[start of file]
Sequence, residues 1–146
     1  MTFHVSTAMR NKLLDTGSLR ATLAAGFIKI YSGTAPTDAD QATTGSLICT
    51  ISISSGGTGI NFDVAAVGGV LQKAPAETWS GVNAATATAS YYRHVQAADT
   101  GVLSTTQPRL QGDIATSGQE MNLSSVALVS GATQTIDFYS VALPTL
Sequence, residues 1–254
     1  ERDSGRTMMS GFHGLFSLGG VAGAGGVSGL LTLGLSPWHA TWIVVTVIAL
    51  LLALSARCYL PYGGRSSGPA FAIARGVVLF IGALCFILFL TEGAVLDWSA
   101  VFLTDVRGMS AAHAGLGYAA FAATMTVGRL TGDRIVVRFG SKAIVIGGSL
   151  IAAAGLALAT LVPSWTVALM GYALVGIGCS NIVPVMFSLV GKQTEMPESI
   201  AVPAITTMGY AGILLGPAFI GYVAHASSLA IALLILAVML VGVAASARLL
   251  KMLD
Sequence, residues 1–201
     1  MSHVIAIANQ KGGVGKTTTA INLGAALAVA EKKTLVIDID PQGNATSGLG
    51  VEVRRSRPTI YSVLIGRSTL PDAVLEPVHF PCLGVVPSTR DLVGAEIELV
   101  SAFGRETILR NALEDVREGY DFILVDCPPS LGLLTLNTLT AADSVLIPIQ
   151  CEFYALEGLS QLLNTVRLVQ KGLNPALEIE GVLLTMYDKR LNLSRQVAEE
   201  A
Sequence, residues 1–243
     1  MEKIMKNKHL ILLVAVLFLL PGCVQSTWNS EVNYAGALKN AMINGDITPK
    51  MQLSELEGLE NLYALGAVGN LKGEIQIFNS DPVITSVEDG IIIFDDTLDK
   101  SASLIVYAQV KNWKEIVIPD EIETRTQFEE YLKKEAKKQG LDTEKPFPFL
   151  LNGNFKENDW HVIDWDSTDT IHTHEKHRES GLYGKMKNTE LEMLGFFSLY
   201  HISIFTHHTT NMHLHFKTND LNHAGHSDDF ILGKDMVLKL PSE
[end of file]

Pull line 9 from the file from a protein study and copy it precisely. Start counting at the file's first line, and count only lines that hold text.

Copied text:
   151  IAAAGLALAT LVPSWTVALM GYALVGIGCS NIVPVMFSLV GKQTEMPESI